The results were awesome — and mind you, it was the end of a long day, and we’d done two hours of community service outdoors, my team had been awake for more than 30 hours, the team leaders were exhausted. One of the groups I talked to proposed a mentorship program that would connect LGBT youth with adults to create anti-bullying presentations; and the group had decided not to open a physical office until they had piloted the program for a year with one school partner and could prove their success. Another group decided to take on drug and alcohol abuse, and wanted to offer family counseling and community service opportunities as a way to teach job skills to the addicts they treated. These were middle school students, mostly sixth graders, by the way.

If you had two wishes …
So on to the title of this post. One of the interview questions for City Year is “If you had two wishes to change the world, what would you wish for?” (Let’s hope I don’t get sued for this, or give some potential corps members an unfair advantage.) It’s also an interview question for Young Heroes and City Heroes (similar program, but for high school students), and over the last two years, I think I asked young people the question at least 50 times. A large majority of the middle school students wished for cleaner neighborhoods, less gang violence or that drugs and alcohol didn’t exist — issues that reflect some of the most noticeable problems in the areas from which we recruit students. I remember one boy wishing that money didn’t exist, so that everyone would be able to have the things they need and everyone would be equal.

If I remember correctly, when I answered the question in March 2009, I said that I wished that everyone would see others as they see themselves — that is to recognize each other as complex, complete human beings — and that everyone would have access to the resources they need to thrive (and I think I specifically mentioned education). After two years of service, I’m not sure those wishes would change: I think the first is what drives my passion for working to build community, as well as reflects the influences of CouchSurfers I met while abroad,**** and the second is the only ambiguous enough way I can think of addressing economic, educational, health and rights disparities.

In any case, it is always amazing to see how people open up and relate to one another when they know they’re in a space dedicated to creating community, and that the other people share their dreams of living in a more connected world. How amazing would it be if we all felt like we always had permission to start these types of conversation? How amazing would it be if we all took on the responsibility to foster these conversations?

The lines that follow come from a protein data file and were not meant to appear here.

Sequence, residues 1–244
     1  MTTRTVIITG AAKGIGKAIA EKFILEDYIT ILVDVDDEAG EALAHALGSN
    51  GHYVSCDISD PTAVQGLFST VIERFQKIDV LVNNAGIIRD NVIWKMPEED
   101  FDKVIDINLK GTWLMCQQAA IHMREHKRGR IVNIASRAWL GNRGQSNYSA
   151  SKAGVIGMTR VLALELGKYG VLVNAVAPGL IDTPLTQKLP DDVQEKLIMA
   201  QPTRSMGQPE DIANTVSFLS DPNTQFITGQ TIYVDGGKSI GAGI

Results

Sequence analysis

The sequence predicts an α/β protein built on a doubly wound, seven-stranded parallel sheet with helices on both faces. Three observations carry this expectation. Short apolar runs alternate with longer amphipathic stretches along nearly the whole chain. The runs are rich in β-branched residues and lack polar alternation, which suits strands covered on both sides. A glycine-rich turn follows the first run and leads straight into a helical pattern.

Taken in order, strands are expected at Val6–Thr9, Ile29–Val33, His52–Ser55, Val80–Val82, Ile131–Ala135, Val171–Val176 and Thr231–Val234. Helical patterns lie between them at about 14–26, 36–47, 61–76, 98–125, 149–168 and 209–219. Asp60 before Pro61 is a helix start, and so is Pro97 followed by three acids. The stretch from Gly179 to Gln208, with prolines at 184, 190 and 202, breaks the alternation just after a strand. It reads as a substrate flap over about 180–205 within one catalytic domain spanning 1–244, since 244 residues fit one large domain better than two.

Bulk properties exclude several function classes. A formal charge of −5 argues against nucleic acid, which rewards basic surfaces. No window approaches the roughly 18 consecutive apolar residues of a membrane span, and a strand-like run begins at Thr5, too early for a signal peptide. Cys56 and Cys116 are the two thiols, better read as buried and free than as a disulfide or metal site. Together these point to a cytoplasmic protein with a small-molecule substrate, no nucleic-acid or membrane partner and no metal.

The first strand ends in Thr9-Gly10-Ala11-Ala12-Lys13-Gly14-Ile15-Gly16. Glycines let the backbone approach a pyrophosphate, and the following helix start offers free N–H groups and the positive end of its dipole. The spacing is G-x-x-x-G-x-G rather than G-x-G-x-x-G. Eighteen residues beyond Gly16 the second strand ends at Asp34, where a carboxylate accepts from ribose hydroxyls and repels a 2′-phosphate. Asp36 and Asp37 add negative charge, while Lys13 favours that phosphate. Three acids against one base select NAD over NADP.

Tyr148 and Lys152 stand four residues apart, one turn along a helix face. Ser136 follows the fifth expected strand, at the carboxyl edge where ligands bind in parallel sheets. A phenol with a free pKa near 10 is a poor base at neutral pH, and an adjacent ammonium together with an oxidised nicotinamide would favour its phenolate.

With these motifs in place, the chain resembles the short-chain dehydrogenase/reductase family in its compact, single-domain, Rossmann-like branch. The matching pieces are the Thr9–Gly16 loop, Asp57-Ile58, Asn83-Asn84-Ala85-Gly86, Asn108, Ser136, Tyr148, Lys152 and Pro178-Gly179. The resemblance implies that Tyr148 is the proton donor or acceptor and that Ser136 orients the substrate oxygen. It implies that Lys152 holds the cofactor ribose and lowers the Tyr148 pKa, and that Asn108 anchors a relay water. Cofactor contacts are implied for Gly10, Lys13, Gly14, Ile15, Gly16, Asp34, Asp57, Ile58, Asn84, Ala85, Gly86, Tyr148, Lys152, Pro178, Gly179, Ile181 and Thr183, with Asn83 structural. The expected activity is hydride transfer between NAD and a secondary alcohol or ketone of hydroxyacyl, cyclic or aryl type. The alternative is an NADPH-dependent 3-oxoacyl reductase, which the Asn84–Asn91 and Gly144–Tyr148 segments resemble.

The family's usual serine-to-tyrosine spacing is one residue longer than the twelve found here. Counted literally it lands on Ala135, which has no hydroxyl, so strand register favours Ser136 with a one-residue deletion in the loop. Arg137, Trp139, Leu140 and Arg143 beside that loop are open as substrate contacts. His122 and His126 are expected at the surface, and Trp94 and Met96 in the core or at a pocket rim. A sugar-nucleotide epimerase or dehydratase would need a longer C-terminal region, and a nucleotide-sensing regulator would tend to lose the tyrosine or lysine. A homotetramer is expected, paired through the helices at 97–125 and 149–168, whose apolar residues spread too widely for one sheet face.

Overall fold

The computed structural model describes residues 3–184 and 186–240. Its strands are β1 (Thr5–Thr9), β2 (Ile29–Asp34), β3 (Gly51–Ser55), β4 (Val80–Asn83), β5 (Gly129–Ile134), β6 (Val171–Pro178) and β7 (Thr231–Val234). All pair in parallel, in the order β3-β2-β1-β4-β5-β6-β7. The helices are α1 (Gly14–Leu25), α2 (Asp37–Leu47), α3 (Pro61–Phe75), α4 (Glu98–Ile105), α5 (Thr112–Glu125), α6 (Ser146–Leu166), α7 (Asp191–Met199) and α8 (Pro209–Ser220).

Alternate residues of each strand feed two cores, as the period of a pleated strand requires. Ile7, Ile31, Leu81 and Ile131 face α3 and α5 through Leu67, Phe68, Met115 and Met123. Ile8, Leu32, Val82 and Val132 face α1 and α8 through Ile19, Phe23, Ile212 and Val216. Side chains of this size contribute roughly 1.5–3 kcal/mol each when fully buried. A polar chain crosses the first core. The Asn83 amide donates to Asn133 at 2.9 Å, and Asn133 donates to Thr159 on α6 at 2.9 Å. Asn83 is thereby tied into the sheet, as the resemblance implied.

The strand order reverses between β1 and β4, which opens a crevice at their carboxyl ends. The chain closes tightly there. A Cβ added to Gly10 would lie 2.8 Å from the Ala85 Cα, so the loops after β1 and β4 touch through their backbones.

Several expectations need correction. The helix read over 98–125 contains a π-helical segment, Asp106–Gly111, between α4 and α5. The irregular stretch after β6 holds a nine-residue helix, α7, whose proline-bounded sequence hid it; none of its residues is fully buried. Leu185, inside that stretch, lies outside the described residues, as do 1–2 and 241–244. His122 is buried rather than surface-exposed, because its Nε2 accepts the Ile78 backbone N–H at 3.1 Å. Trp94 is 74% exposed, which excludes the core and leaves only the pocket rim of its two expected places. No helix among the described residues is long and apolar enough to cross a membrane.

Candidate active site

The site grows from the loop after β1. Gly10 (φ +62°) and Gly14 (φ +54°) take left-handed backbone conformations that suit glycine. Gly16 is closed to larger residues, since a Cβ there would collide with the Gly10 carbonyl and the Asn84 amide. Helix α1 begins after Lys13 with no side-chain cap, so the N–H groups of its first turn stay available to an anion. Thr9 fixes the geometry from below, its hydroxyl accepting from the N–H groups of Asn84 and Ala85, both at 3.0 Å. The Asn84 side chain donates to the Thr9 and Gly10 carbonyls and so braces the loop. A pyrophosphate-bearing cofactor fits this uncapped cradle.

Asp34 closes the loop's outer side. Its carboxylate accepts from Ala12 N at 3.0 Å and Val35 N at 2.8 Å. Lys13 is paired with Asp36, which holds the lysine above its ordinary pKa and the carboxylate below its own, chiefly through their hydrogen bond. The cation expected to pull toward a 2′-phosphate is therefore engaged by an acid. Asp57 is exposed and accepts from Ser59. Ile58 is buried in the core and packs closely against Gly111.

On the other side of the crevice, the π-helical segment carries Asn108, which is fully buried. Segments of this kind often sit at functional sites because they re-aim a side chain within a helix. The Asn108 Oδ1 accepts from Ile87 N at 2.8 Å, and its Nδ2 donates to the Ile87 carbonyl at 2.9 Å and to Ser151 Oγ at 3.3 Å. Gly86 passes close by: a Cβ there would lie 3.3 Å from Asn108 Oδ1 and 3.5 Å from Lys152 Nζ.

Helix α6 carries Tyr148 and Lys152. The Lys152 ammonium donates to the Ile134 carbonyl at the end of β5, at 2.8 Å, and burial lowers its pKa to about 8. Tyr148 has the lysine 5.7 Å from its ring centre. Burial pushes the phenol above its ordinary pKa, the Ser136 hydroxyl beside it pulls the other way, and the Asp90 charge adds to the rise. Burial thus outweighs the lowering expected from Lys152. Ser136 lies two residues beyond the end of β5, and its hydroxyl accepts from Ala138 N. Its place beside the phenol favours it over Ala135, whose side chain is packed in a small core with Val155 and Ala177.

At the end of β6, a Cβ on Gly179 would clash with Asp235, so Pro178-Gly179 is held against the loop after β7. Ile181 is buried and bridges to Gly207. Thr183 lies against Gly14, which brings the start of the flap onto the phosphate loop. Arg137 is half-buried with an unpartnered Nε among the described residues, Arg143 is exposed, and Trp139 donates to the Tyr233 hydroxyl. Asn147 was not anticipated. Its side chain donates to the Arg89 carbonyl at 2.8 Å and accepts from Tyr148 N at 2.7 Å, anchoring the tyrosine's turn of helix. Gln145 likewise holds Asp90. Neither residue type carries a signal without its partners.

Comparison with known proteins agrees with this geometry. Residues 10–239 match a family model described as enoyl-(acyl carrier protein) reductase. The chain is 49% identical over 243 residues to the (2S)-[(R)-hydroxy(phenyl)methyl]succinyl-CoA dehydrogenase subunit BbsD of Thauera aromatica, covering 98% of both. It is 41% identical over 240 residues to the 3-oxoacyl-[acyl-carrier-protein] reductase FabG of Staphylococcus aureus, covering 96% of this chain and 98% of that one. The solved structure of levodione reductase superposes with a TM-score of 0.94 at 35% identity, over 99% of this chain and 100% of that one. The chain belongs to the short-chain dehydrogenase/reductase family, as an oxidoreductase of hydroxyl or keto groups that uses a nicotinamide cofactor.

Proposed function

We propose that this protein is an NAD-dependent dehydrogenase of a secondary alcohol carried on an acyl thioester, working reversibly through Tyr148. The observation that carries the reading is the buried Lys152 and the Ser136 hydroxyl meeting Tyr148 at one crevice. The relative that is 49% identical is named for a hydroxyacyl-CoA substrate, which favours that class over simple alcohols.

You should leave me comments. If you had two wishes to change the world, what would you wish for? Alternatively, what’s the best community-oriented nonprofit, idea or business you know of? (Also, it’s likely that some variation of these questions will be the theme of September’s Thoughtluck, so let me know if you’re interested.)

* This was actually really disappointing, because we had an interesting mix of people, including one woman from Finland (who left early because she forgot her bike lights, so moot point) and another from London, and people from different backgrounds and interests. We chose Pershing Square because Derailer started by talking about taking her dog there at night, and then over the course of the next half hour, talked about how Pershing Square is aesthetically displeasing (true), not a place where the community can meet (we decided this was not true), is not an effective dog park (true, but … irrelevant) and has no water fountains (true). I’m condensing and omitting a large portion of Derailer’s comments. In any case, we had a lot of promising starts to good conversation, but each time, we were Derailed by Derailer, since no one really stepped up to moderate,^ though at one point someone finally pointed out that she had interrupted Lorena.

^ I also tried to interject, or at least have a side conversation, especially once we hit the 10-minute mark and the woman started discussing her dog again, but I didn’t want to be an actual moderator, because I was worried I’d be volunteered to present, which is exactly what happened.

** Let’s be real; most of you never follow my links. Here’s an excerpt:

Located on the ground floor of the Spring Arts Tower downtown, the Last Bookstore is a mix of old and new. It has pillars stretching 25 feet up to a painted, vaulted ceiling; underfoot are intermittent mosaics, all part of the former Citizens National Bank, which opened in its grand location in 1915. The light fixtures are new, created from bicycle wheels by Brad Goldhorn, and high on the south wall flows a sculpture made of wire and old paperbacks. …

*** I no longer work for City Year. All views expressed in this post are mine and do not necessarily reflect the views of the organization.^^